A "Biblical Worldview" as defined by the Barna
Group & held by
many conservative Protestants
Who holds a "biblical worldview:"
Fundamentalist Christians, other Evangelical
Christians, and other conservative Protestants commonly refer to their
worldview as "the biblical worldview." The implication is that only one
biblically-based worldview exists, and that theirs is it.
However, this term may be confusing outside the conservative wing of
Protestantism. Many mainline and liberal Christians have worldviews which are
quite different from each other and from the conservative biblical worldview.
Yet essentially all Christians feel that their worldview is supported by and derived from the
We use the expression "biblical worldview" on this website because
that is the term most commonly used by conservative
Protestants. However, a term like "Evangelical worldview" or "Conservative
Protestant worldview" might be less ambiguous.
The Barna Group is the leading conservative Protestant marketing
research group providing information about the state of religion in the U.S. --
and in particular the status of Christianity and of its churches and
They defined a "biblical worldview" as
being based upon a foundation of eight beliefs, that:
At first glance, one might wonder why Jesus' sinless
life is of such great importance that it forms a necessary component of a
biblical worldview. It is a common belief among conservative Christians that
Jesus' life must have been completely free of sin so that the sins
of ordinary individuals can be transferred to Jesus when the former are saved -- thus making the atonement possible.
Others might add additional core beliefs as required components
of a biblical worldview, such as:
How many American adults have a "biblical worldview:"
The Barna Group, , a leading conservative Christian polling organization, conducted a study of about 1,000 randomly
selected adults in the 48 contiguous states of the U.S. in the spring of 2009. They found that only a very small percentage of adults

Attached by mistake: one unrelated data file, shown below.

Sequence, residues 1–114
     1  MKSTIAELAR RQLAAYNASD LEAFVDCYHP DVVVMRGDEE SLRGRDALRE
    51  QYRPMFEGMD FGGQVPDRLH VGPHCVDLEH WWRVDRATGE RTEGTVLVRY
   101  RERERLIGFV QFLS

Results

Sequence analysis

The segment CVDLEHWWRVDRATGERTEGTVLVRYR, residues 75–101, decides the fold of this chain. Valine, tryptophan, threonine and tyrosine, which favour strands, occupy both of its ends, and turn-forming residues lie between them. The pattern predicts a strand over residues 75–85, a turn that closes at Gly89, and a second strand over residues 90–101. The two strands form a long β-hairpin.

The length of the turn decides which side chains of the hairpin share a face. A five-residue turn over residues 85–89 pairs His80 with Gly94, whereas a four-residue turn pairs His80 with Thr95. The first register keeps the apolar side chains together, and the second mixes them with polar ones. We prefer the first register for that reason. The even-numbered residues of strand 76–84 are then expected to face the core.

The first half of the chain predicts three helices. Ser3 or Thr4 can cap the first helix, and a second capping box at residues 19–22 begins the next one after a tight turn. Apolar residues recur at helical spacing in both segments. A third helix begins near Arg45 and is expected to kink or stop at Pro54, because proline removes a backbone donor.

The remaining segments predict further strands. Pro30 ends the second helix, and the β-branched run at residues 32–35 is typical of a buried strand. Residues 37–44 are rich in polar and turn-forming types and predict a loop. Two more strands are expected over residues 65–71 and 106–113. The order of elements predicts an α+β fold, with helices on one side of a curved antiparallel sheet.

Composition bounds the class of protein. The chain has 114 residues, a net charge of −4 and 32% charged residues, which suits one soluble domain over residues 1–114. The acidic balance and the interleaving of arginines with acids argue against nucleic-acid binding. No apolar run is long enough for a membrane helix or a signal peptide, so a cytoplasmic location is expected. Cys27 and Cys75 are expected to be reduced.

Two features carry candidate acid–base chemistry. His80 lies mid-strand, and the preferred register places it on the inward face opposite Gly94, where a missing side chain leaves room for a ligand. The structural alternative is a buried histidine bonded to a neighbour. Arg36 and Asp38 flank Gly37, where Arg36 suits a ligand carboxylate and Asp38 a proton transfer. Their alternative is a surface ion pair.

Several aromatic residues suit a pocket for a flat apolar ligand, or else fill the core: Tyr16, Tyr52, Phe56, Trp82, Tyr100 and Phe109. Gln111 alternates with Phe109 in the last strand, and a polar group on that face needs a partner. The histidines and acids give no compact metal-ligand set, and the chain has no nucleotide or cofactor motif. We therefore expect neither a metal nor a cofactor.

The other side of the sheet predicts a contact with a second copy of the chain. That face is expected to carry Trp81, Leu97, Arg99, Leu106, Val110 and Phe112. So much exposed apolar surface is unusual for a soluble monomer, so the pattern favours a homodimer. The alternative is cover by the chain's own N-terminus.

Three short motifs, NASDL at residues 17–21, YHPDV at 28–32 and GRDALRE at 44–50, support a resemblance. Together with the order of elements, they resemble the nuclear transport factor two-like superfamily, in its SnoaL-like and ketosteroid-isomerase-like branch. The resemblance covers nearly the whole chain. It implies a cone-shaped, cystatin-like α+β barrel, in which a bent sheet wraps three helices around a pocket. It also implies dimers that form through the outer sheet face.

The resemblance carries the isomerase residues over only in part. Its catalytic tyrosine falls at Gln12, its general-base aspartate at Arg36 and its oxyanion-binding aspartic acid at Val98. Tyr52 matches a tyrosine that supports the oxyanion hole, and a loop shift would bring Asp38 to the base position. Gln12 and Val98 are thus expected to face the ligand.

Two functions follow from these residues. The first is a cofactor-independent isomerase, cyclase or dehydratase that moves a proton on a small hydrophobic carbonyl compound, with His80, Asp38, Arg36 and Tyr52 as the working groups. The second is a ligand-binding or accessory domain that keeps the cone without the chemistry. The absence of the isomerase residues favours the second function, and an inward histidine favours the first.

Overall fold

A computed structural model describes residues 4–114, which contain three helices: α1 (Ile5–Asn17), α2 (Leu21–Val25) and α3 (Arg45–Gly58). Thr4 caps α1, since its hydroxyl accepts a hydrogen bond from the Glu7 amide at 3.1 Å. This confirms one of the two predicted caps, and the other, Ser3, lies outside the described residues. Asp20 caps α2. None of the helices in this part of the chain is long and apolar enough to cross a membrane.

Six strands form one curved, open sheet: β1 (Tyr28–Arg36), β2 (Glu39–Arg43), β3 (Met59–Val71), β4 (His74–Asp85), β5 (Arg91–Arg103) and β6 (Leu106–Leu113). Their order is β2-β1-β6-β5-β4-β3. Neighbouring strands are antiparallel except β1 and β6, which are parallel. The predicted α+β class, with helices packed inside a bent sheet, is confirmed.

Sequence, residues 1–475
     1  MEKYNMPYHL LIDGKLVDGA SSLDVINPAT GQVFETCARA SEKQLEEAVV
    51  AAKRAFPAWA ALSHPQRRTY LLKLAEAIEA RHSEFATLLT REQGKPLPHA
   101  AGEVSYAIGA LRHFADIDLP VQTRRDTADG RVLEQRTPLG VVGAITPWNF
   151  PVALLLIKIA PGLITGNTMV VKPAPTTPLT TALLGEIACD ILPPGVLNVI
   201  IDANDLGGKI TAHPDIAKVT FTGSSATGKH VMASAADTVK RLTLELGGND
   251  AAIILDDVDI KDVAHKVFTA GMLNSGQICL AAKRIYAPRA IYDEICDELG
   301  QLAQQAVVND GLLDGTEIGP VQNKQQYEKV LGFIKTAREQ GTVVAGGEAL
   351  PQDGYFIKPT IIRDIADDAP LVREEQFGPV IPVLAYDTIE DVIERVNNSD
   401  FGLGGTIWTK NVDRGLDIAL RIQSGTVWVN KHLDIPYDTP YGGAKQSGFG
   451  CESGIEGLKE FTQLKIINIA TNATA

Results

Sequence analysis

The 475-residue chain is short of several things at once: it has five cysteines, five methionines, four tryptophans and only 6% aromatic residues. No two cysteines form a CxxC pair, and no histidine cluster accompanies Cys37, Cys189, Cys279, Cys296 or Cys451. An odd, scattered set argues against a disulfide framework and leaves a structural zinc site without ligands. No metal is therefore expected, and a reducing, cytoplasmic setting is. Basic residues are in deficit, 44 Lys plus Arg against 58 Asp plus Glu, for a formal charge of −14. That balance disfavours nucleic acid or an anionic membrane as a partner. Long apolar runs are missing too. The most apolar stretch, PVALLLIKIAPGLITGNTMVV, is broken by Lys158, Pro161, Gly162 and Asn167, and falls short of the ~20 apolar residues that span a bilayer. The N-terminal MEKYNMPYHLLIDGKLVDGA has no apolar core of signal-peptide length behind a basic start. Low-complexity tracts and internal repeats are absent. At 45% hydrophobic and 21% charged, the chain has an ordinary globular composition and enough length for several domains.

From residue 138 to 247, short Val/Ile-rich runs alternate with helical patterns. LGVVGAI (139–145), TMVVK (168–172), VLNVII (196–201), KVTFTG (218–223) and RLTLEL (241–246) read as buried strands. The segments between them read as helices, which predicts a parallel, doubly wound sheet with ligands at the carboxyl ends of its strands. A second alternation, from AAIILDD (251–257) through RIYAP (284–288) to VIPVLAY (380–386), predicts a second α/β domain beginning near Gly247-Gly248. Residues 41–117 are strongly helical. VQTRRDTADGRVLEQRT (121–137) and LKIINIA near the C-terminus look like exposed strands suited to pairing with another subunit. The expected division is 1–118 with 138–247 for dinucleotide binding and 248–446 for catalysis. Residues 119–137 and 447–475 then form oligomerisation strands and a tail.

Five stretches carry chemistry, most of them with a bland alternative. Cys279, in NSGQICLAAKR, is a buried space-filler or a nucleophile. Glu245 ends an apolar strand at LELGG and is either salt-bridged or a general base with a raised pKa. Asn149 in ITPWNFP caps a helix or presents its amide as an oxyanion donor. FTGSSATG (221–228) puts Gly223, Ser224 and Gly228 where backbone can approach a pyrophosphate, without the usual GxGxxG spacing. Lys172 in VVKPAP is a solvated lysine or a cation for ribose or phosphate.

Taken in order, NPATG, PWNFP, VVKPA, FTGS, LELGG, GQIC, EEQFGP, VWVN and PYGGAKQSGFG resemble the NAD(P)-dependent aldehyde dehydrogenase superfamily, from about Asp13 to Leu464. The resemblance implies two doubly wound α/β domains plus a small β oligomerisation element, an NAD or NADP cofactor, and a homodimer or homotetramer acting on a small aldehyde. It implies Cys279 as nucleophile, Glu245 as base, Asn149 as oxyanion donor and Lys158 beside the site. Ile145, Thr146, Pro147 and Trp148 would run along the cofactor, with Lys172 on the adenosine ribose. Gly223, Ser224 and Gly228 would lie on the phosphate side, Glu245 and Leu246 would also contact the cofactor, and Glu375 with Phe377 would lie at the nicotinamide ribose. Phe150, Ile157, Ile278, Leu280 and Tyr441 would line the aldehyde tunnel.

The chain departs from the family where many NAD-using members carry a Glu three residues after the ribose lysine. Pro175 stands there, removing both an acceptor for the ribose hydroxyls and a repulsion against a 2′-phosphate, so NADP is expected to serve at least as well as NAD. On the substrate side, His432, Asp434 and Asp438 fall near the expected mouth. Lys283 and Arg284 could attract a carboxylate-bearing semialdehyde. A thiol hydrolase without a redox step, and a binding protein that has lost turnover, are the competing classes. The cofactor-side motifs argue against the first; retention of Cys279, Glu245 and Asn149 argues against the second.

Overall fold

hold the biblical worldview as defined by their eight-point definition. This
Only 9% of the total population of American adults. This is statistically unchanged from 11% in 2005.
19% of born-again Christians.
4% of residents of the Northeast. This may be linked to the legalization of same-sex marriage in all New England states and New York.
Less than 0.5% of adults who consider themselves as liberal on social and political matters.
Less than 0.5% of all young adults -- those aged 18 to 23. This is perhaps the main cause of the precipitous decline in older youth and young adult membership in evangelical and other conservative Christian congregations.
Barna Group has stated:
"A worldview serves as a person’s decision-making filter, enabling them to make sense of the complex and huge amount of information, experiences, relationships and opportunities they face in life. By helping to clarify what a person believes to be important, true and desirable, a worldview has a dramatic influence on a person’s choices in any given situation. ... The firm’s studies have also pointed out that a person’s worldview is primarily shaped and is firmly in place by the time someone reaches the age of 13; it is refined through experience during the teen and early adult years; and then it is passed on to others during their adult life. Such studies underscore the necessity of parents and other influencers being intentional in how they help develop the worldview of children." 3
Barna Group expressed concern that:
"... only 9% of all American adults have a biblical worldview." and
"less than one-half of one percent of adults in the Mosaic generation – i.e., those aged 18 to 23 – have a biblical worldview, compared to about [11%] one out of every nine older adults." 3
The churches that are most effective in teaching a biblical worldview to
their membership are:
Non-denominational churches. These are mostly fundamentalist
congregations. 13% of their membership hold a biblical worldview.
Pentecostal churches: 10% of the membership.
Baptist churches: 8% of the membership .
If additional beliefs were added to the definition of a "biblical
worldview," the percentage of American adults with this worldview would
undoubtedly be even lower.
"...research found that one of the most effective methods of enabling
people to develop a biblical worldview is by addressing seven critical
questions that consistently lead to beliefs and behaviors that are in tune
with biblical teaching. Outlining that process in a new book he has written
as an outgrowth of the research, entitled Think Like Jesus, [George]
Barna also noted that many churches are already helping their congregants to
implement such a way of addressing daily challenges and opportunities." 6
Senior Protestant pastors who hold a biblical worldview:
The Barna Group surveyed the beliefs of a randomly selected sample of 601
senior protestants in the U.S. during November and December, 2003. They found
that a biblical worldview was far from universal:
Overall, 51% of pastors have a biblical worldview. This is about 13
times the rate of all American adults, and about 7 times the average of
their own members.
The following percentage of pastors have this worldview:
71% of Southern Baptist ministers.
57% ministers from other Baptist churches.
51% from non-denominational -- probably Fundamentalist -- churches.